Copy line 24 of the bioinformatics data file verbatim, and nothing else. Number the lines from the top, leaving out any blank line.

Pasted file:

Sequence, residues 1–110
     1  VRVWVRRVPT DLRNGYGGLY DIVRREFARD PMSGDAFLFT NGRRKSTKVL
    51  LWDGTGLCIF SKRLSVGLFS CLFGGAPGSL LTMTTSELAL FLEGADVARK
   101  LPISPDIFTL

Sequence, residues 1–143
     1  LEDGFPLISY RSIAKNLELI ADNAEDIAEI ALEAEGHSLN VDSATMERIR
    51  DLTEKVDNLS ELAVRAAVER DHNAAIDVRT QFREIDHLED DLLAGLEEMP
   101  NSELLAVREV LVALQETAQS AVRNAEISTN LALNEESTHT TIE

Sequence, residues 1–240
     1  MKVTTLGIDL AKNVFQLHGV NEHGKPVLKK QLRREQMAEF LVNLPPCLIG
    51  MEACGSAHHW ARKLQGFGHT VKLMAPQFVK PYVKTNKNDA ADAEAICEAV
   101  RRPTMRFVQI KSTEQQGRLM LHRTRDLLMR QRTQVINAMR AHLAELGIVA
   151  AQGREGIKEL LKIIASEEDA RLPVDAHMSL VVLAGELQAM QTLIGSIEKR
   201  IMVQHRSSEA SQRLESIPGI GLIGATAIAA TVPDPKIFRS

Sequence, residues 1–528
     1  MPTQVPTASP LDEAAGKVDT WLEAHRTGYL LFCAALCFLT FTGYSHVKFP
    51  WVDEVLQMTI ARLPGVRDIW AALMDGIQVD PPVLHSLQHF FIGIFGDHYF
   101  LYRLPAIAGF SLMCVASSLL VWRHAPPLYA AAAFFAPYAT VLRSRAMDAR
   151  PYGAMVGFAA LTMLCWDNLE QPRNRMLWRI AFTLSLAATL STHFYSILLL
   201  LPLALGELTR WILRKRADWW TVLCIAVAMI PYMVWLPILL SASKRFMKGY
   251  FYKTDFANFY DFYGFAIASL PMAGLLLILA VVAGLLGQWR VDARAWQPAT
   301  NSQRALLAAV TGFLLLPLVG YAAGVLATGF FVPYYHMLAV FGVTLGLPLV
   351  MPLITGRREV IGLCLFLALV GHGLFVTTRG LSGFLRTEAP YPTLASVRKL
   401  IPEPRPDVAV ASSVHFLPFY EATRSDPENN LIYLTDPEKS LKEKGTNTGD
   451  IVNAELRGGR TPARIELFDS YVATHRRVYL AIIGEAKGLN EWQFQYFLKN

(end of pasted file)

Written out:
   401  IPEPRPDVAV ASSVHFLPFY EATRSDPENN LIYLTDPEKS LKEKGTNTGD